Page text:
I don’t want to be a mommy anymore

The thought seemed to jump out at me as I was frantically loading the dishwasher, exhausted but nearly done cleaning the kitchen on a Monday night.

I don’t want to be a mommy anymore.

I stood up abruptly, a dirty dish in each hand. Where did THAT just come from? That very loud, disturbing thought?

Then I saw my sweet little son’s face and I had to run to the bathroom to compose myself.

This thought was unthinkable.

I sat on the closed toilet lid quickly trying to make sense of the shameful thought. It’s just the hormones, I told myself. After all, I’m feeling very pregnant these days. Possibly more unattractive than I have ever felt before. That had to be it. I was tired, trying to do too much. Maybe I just needed to rest and take a break.

It disturbed me on so many levels to think that I might not want to be all that goes along with being a mommy. After all, I chose to be a stay at home mom. I could have kept my full-time job, put my son in daycare, and hired a maid to cook and clean up. Or chosen not to have children, for that matter.

But since seeing my son for the first time, all I’ve really wanted to do is baby stuff. Our son sleeps with us at night, and I spend nearly every waking moment with him, too. It’s natural for me.  I never believed I needed a break.

Being a mommy is what defines me as a human being now. It’s the most important job I’ll ever do. And not something you really can take a break from.

Of course this thought would not inspire action. At least not beyond some introspection and perhaps renewed efforts to take better care of myself.

It’s funny how my husband’s most striking memory of our first few days at home with our son is me sitting in the rocking chair holding our baby, tears streaming down my face, voicing the thought that everything about this new little being is now our responsibility.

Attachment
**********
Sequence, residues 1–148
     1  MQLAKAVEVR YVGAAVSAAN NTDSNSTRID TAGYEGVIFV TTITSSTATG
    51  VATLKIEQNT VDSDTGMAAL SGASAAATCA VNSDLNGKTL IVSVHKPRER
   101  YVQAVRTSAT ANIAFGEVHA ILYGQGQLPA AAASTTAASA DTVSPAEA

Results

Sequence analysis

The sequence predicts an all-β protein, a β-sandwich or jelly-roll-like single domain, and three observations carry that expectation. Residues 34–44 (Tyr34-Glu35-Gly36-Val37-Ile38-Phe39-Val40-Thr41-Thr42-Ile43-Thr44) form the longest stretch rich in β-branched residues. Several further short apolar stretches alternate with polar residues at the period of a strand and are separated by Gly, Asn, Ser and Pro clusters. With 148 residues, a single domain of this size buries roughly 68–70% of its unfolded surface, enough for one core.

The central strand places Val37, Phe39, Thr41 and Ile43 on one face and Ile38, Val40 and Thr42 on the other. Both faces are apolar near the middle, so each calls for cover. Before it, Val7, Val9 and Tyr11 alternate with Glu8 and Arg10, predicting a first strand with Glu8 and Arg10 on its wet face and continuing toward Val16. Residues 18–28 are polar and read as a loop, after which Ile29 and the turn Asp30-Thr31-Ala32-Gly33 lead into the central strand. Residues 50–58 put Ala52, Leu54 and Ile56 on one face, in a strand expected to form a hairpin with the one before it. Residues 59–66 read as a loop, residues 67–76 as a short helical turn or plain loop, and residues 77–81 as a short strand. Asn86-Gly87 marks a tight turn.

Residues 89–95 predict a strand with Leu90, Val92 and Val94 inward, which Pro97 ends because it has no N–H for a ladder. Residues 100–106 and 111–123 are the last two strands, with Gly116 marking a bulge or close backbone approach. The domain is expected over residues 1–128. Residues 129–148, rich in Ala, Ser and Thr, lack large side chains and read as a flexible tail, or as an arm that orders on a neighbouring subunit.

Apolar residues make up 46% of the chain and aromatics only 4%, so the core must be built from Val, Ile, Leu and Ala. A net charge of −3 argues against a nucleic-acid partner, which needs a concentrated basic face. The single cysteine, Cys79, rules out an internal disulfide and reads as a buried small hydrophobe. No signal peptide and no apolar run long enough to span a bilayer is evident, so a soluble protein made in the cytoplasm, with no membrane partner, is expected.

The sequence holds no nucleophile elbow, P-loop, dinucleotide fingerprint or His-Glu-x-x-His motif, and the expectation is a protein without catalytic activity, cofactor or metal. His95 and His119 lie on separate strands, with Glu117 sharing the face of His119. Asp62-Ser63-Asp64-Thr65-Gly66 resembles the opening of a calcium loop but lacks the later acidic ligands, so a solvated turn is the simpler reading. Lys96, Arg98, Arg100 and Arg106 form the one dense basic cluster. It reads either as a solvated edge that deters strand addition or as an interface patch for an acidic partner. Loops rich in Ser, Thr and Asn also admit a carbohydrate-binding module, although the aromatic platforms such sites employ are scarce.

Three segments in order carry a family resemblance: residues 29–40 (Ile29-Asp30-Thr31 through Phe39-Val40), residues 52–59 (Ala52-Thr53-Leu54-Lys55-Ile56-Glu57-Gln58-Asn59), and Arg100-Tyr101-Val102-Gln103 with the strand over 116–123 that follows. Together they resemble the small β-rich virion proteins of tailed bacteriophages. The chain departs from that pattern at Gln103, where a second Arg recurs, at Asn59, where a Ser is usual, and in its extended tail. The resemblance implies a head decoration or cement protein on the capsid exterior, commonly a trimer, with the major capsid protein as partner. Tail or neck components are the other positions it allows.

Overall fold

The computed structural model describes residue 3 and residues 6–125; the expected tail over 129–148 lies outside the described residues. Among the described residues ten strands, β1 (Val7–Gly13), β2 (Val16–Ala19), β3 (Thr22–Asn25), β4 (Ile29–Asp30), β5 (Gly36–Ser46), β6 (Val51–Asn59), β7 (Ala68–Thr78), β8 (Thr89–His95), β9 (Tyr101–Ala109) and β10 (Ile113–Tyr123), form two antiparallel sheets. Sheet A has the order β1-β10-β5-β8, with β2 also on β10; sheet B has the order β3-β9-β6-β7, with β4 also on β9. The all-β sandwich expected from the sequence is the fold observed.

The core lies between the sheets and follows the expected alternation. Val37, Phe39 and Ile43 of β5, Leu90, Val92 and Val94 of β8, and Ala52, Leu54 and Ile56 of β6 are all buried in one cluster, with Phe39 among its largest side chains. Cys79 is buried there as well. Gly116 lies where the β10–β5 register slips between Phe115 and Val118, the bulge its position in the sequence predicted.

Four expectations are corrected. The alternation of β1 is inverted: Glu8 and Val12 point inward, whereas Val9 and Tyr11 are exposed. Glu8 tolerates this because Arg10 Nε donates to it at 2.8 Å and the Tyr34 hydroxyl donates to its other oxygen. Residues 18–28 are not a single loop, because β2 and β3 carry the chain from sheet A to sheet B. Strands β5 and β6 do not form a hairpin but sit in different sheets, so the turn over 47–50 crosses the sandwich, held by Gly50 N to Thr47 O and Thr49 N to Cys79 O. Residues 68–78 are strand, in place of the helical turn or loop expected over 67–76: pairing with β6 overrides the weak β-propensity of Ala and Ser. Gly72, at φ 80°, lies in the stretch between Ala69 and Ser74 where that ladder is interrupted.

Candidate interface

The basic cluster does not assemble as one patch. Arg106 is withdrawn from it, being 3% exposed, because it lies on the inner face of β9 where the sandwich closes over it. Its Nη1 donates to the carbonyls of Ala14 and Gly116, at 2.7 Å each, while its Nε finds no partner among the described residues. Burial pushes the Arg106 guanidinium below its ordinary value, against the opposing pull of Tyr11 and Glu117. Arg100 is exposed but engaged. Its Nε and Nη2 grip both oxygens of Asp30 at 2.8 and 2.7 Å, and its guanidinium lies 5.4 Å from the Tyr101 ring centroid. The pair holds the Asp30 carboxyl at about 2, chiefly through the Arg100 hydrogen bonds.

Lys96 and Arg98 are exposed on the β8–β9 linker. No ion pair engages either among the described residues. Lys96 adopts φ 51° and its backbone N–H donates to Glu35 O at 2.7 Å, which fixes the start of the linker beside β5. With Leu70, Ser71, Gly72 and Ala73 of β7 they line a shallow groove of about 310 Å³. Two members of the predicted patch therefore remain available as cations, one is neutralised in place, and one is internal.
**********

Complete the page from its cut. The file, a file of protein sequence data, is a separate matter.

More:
Since then, it’s been tons of laughter and giggles, exciting firsts, and a new adventure nearly every day.  Sure, there are plenty of tough times, too. I felt like a zombie for much of his first two years of life. But lately I’ve been happier than ever. And compared to most, our son is easy. He’s affectionate, neat, conscientious, helpful, and he’s not even three yet! It’s not his fault I had this thought.

But as my son grows, and we add another one, I’m feeling the weight of that responsibility again. Having children is such a thrilling part of life. But it’s also the greatest challenge of life.

Some days I miss my old self, the lazy evenings, getting dressed up and wining and dining with my husband. We won’t be there again for a long time. If ever.

Have you ever had thoughts like this? Please tell me if I’m not the only one.

Why some moms choose to keep photos of their kids off the Internet
How to be a happy mom (hint: it’s not always about taking care of yourself)

Comments (3)

  1. Camie Rae Coles

    Oh heavens yes! I would agree with everything you said here! And there are times when I think “I do not want to be doing this anymore! It’s too hard!” But those moments are fleeting and it only takes a sweet little “I wuff you mommy” to snap me back into reality. Thanks for voicing this, so honest and true!!

  2. Lisa

    Hi Camie Rae, thanks for letting me know you’ve felt the same way at times. I’m wondering if it’s something that every mom feels at some point.

  3. Bronwyn

    I stumbled across your blog today as I searched how to take care of a toddler and a newborn… because I thought for the first three months of my first born’s life, that parents of multiples were either crazy (or that either myself or my child weren’t hacked out for this new job, haha.) Turns out life gets easier, but I still admire parents of all amounts of children. It’s ridiculous how little you realize (while still realizing) your life will be altered! I love my babe more than I can ever express and more than my kid-less friends seem able to grasp… but I still miss those precious moment with my husband and by myself. I wish there was more out there on postpartum and how life changes for new parents in ways you don’t think of.

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